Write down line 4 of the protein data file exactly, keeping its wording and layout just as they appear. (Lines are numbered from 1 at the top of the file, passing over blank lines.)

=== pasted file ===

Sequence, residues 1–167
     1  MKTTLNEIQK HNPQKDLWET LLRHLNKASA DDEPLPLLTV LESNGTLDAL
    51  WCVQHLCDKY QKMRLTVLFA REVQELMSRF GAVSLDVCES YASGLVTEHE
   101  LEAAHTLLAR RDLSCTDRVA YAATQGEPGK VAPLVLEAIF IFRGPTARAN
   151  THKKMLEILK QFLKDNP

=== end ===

   101  LEAAHTLLAR RDLSCTDRVA YAATQGEPGK VAPLVLEAIF IFRGPTARAN